Number of week -- 18 (7/1/2013 - 11/2/2013)
Total miles -- 1199
Average daily miles -- 8.5
Longest run -- 26.2 (Fox Valley Marathon)
Peak weekly mileage -- 88
Average pace -- 7:30
Number of 20 + mile runs -- 8
Goal -- 2:54:59
Actual Time -- 2:53:28 (PR)
Avg HR -- 165 (92% of Maximum Heart Rate MHR)
Peak HR -- 175 (97% of MHR)
Avg pace -- 6:36
5/334 40-44 Age Group
First half 1:26:16
Second half 1:27:11
I ran a strong race as shown by continually moving up in ranking through the race
101st @ 10k
88th in the first half
79th @ 30k
59th in the last half
The Monumental starts and finishes in downtown Indianapolis so to avoid the stress of travel on race day we stayed in a hotel just a couple of blocks from the start line. We checked in early afternoon on Friday hit the expo, did packet pickup and then headed over to the Spaghetti Factory for some serious carb loading. After dinner we drove the course looking for good spectator spots for my wife and daughter. We got back to the hotel about 8:30. Sleep was sparse due in part to some very loud hotel guests a couple of rooms down. In fact, we had to call the front desk 3 times and finally they sent security up to have a chat with the people in room 624.
|My wife and me waiting for the race to start. Here is some great advice, save your space blanket from one race to use while you wait to start another race. Now you don't have to waste a perfectly good sweatshirt. You're welcome.|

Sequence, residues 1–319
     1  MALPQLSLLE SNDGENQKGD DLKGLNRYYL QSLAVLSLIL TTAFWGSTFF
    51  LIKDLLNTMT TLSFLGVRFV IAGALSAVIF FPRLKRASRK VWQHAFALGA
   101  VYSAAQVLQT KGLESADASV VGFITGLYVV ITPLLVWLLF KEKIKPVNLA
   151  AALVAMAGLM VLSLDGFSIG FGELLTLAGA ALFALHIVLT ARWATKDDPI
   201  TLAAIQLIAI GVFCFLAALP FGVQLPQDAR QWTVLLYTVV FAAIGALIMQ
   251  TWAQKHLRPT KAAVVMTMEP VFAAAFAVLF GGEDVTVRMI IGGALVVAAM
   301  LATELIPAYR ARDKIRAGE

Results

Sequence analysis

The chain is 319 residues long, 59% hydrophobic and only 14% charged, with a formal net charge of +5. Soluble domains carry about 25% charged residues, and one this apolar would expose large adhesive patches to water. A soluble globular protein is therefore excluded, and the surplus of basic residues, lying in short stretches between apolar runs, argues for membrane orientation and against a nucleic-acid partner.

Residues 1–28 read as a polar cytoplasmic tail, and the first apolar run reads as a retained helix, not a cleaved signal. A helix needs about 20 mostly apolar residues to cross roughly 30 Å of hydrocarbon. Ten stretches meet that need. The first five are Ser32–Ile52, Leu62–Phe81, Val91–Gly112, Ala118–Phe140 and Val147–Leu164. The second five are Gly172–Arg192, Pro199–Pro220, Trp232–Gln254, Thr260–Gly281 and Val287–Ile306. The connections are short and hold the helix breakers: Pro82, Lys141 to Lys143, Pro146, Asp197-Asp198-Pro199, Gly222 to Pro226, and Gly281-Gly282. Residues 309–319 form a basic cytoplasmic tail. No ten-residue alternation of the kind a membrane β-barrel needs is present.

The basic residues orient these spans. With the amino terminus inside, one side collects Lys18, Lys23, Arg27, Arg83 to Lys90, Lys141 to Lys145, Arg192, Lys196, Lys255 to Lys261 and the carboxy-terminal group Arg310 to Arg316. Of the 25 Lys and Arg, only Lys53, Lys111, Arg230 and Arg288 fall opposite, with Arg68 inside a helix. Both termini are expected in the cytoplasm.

The Monumental is getting to be a larger race, the full marathon sold out with a cap of 4500 runners and there were over 13000 total participants between all 3 events; marathon, half-marathon, and 5k. I think I knew more than 10 people running this year, by far the most I have ever known in a race. I ran into my friend from the Carmel Marathon, Garrett, near bag check. He asked me what I was planning to run. When I told him I was looking for 2:54:59 he said he wasn't sure if he was in shape for it but may try to run with me.
I have missed my goal in both of the other marathons that I have raced by 30 seconds or so. I seem to be unable to do the math required in the moment to stay on pace. Moreover, we all know that the Garmin drifts so this time I was determined to not miss my goal due to GPS error. I went with a smart pace pace band from http://www.races2remember.com. I chose a race strategy they call "Modified Warmup" but I call "Build in enough up front to fall apart at the end" which is what I usually do anyway. A great piece of advice that I got and took was to shut off the auto-lap feature on my Garmin and keep the splits myself. I did this and will never race with auto-lap on again. Between the pace band which let me know what my elapsed time and current mile time should be, and not having the Garmin auto-lap I felt in much greater control of my pace than when I am running based on the "average" pace displayed on the Garmin. I will be using some form of pace chart in all of my future races.